Author ORCID Identifier

Date of Award


Degree Type


Degree Name

Doctor of Philosophy (PhD)


Political Science

First Advisor

Charles Hankla

Second Advisor

Jelena Subotic

Third Advisor

Andrew Wedeman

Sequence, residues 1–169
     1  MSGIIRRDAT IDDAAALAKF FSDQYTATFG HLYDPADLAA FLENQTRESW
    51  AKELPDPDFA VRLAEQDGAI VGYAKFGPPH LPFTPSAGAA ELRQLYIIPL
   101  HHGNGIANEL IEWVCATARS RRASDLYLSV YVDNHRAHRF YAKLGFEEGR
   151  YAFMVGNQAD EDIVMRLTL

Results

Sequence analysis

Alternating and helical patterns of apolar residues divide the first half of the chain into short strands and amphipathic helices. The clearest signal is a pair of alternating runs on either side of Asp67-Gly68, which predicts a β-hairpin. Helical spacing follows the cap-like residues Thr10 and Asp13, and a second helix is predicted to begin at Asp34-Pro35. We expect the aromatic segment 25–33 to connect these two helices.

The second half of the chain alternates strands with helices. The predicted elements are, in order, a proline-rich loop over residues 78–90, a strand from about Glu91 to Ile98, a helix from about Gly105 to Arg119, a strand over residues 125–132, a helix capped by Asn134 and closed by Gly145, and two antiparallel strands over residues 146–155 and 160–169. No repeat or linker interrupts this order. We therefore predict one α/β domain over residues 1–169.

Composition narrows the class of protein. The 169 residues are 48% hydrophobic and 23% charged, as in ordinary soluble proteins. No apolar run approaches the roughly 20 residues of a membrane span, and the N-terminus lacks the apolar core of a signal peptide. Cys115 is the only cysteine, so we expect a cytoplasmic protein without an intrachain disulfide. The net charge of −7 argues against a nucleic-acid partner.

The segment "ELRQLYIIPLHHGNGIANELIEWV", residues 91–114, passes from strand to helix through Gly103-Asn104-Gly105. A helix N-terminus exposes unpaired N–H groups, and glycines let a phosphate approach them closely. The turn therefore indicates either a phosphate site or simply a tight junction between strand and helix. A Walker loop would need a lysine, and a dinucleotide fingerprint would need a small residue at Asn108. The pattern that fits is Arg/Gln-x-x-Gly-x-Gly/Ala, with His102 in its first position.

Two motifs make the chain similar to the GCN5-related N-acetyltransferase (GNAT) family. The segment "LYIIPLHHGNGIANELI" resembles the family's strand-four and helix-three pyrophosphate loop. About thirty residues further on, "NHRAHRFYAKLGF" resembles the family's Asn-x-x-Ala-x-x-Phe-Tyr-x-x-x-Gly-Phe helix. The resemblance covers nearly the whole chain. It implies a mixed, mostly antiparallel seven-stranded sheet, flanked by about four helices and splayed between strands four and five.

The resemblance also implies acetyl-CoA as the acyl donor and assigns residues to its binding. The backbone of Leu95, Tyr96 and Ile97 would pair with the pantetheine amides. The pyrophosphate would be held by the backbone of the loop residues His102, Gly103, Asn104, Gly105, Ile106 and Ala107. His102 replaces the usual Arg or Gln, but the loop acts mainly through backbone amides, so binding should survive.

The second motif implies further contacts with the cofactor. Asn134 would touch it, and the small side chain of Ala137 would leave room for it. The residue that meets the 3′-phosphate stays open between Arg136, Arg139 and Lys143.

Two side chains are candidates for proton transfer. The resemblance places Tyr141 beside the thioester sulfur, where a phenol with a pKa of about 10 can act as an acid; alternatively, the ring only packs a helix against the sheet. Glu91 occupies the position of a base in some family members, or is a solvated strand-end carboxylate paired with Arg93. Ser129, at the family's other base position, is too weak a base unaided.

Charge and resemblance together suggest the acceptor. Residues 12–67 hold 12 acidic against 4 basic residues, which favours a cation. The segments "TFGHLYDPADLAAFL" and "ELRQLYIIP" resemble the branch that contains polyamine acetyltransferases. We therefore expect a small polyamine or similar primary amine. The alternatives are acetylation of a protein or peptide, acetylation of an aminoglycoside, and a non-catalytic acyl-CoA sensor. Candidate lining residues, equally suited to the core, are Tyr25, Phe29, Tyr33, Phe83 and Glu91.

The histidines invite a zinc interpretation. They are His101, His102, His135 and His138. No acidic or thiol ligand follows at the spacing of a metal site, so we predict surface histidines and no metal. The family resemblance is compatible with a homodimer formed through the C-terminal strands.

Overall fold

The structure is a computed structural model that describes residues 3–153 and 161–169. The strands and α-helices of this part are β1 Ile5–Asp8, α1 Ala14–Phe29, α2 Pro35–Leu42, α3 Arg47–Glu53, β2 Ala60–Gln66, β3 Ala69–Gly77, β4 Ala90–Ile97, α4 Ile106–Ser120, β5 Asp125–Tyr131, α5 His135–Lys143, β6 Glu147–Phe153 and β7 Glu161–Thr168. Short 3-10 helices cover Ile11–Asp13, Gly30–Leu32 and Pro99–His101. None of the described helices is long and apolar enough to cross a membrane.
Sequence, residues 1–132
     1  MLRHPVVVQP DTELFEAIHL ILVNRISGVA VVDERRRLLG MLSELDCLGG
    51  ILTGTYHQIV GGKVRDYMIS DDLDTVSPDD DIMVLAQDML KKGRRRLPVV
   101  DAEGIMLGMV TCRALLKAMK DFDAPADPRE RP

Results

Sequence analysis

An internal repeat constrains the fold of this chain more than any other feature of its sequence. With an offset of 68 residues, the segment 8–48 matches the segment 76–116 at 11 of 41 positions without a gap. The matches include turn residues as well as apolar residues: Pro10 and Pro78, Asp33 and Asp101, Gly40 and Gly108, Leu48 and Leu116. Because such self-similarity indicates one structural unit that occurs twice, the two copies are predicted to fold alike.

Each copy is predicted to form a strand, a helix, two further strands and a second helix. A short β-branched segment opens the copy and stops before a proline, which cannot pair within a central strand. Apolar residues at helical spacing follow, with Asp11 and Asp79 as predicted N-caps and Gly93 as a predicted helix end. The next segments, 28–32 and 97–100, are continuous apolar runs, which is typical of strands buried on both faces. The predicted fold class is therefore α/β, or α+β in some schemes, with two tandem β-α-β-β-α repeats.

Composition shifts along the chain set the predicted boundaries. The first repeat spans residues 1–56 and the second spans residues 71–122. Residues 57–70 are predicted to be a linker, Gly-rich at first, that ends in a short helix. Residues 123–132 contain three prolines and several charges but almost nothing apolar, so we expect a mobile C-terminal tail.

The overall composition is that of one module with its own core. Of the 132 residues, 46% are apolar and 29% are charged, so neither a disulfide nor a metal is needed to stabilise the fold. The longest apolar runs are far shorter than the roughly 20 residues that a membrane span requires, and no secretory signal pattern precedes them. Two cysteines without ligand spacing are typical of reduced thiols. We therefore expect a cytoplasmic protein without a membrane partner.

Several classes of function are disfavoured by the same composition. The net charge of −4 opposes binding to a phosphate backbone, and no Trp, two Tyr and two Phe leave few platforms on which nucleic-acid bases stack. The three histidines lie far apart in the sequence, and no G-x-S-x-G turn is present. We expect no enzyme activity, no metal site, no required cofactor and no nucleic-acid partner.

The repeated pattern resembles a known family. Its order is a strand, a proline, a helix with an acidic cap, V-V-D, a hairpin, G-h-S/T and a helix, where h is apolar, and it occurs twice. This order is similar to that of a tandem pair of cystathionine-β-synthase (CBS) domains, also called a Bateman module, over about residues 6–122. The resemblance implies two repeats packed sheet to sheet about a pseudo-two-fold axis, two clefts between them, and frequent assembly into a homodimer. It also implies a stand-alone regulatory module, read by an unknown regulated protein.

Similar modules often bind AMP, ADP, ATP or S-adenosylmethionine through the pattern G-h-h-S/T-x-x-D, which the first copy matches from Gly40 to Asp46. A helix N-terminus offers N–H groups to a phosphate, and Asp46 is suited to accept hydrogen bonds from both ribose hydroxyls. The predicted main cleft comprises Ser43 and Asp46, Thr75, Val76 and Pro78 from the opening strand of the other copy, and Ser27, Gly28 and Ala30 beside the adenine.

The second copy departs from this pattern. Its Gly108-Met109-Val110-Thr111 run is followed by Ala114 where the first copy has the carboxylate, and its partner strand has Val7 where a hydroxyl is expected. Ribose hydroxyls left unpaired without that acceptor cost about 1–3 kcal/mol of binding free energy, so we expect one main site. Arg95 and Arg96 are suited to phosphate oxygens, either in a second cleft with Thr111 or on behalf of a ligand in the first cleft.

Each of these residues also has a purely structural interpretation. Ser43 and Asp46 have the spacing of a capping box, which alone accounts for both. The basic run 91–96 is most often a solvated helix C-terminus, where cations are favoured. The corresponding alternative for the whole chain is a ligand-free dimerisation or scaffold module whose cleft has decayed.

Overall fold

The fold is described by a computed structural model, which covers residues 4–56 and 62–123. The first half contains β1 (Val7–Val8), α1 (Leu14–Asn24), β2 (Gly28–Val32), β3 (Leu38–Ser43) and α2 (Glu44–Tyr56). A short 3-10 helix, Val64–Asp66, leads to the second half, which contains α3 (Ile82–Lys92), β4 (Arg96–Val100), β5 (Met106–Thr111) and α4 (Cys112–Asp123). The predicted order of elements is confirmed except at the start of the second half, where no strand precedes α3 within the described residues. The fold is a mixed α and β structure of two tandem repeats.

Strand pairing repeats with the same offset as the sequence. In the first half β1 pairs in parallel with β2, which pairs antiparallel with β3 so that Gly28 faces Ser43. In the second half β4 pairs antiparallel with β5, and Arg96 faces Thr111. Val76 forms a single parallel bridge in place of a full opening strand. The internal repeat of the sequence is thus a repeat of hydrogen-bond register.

In Central and Eastern Europe, wealth is on the rise, but democracy is in decline. Populist parties assail the foundations of constitutional rule of law and enhance their networks of patronage and clientelism to gain greater support with the electorate. Yet, it is little understood as to why citizens vote for illiberal parties in the region. This paper seeks to address this ongoing phenomenon by exploring voter support for clientelistic behavior by the middle classes of Russia, Poland, and Estonia. I develop and test a theory of “middle class clientelism” which seeks to explain under what conditions more wealthier voters become a cost-effective target for vote buying, patronage, and particularistic goods. The literature on clientelism has been fairly consistent in explaining that middle class voters are too cost prohibitive for parties and elites to clientelize because they have better access to personal wealth and employment opportunities. However, I determine two critical variables that can account for this occurrence. These are the levels of state management of the economy and vulnerabilities within the middle class that has been induced by years of financial crisis in Central and Eastern Europe. This type of clientelism is damaging for democratic outcomes because it allows parties to participate in state capture and fuse themselves into the state without responsive democratic pressure in response from the middle.


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